Aboriginal health research
Aboriginal communities and health researchers are working together to find solutions to health problems. This community-based research may be the best way to improve the health of Aboriginal Canadians.
Story by Connie Bryson/Illustrations by Sander Henriksen
The gap between the health of Aboriginal Canadians and that of non-Aboriginal Canadians is well known, but not particularly well understood. Understanding could come from research—but that has been problematic. The biomedical approach to research, which focuses on the diseases themselves, is clearly not the key to improving the health of Aboriginal Canadians. Now the emphasis is shifting: Aboriginal communities are getting involved in the research.
“Almost everywhere you look there is an inequity in the health indicators of Aboriginal people by comparison with the general population,” says Dr. Malcolm King, scientific director of the Canadian Institutes of Health Research (CIHR) Institute of Aboriginal Peoples' Health and a professor in the Faculty of Medicine and Dentistry at the University of Alberta. “I’ve heard people wonder why health outcomes are so different for Aboriginal people since the diseases we all get are essentially the same. You have to look at the context—the factors that contribute to how someone ends up developing a disease. These are known as the determinants of health. They include education, income, sanitation, nutrition, housing, environmental quality, and access to healthcare.”
Dr. King notes that research methods are changing, where Aboriginal health is concerned. The emphasis is now on community-based research, in which community members and researchers work together in planning studies. This approach to research is widely viewed as the best way to find solutions that are culturally appropriate and truly effective.
“We already know that Aboriginal people have a shorter life expectancy,” says Dr. Willows. “If, as the research suggests, Aboriginal children are becoming obese at a very young age, the prognosis is not good. So the key is prevention. But you can’t prevent something unless you understand it.” For example, in her Quebec study, elders voiced their concern that children have few opportunities to experience traditional Cree life and eat traditional Cree food. “I don’t come in as an expert and say, ‘Here are the issues.’ Our approach is to ask the community members what they believe the issues are. In this way, we can ensure that the results will be meaningful because they make sense to the community.”
Dr. Willows notes that obesity prevention will require a better understanding of the circumstances of people’s lives, and of the things that prevent individuals and communities from adopting healthy lifestyles. “There is low educational achievement, lack of opportunity for employment, and poverty in many Aboriginal communities; all these factors impact childhood obesity. I take an approach, where I look at individual-level factors, community-level factors, and the environments where people live. It’s not enough to just put your efforts at the level of the individual. If you educate individuals only, you give them the tools to make changes—but their ability to make those changes depends on whether they are empowered in the environment where they live. As a community-based researcher, you have to look at the bigger picture.”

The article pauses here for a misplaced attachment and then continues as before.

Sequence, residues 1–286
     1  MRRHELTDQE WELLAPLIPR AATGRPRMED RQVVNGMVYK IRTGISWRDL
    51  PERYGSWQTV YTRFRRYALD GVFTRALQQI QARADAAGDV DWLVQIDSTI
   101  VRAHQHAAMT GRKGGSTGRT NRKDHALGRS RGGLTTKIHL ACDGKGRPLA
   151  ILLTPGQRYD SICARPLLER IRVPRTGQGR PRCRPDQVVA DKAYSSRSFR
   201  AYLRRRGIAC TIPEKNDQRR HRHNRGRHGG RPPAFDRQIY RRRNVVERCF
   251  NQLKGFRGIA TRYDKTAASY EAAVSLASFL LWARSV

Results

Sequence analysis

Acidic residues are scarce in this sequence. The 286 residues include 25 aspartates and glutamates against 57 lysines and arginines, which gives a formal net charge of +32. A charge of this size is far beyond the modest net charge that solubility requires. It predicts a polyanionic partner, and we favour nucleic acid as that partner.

The cornerstone of community-based research is community engagement, which entails a lot of groundwork. Community leaders must be consulted; local steering committees must be formed and become operational before research can even begin. “It’s about building relationships of trust. If you don’t build the relationships, you won’t be welcomed back,” says Dr. Willows.
The approach is extremely time-consuming. Given the limited time frames of many research grants, this can be a problem. However, granting agencies are becoming more flexible, and support organizations for researchers have sprung up in the past few years. For example, the University of Alberta’s Community–University Partnership for the Study of Children, Youth, and Families provides consulting, brokering of partnerships, and leadership in community-based research.
“I think we’re moving toward a time when community-based research will be better appreciated, better supported, and even more community-driven,” says Dr. Willows.
Health challenges faced by Canada’s Aboriginal people
- High rates of chronic diseases, such as diabetes. Type 2 diabetes affects First Nations and Métis people three to five times more than the general Canadian population. Although type 2 diabetes is currently less prevalent among the Inuit, they are beginning to acquire the disease in greater numbers.
- High rates of infectious diseases, such as tuberculosis. First Nations and Inuit tuberculosis rates are 10 times higher than for other Canadians.
- Low life expectancy of Aboriginal men and women. On average, First Nations men live seven years less than other Canadian men; and First Nations women, five years less than other Canadian women. Life expectancy for Inuit is also believed to be lower, although statistics are not available for all northern regions.
- High rates of suicide, especially among Aboriginal youth. The suicide rate for First Nations youth is five to six times higher than the national average; for Inuit youth, 11 times higher. Suicide is the most prevalent cause of injury-related death among Aboriginal people.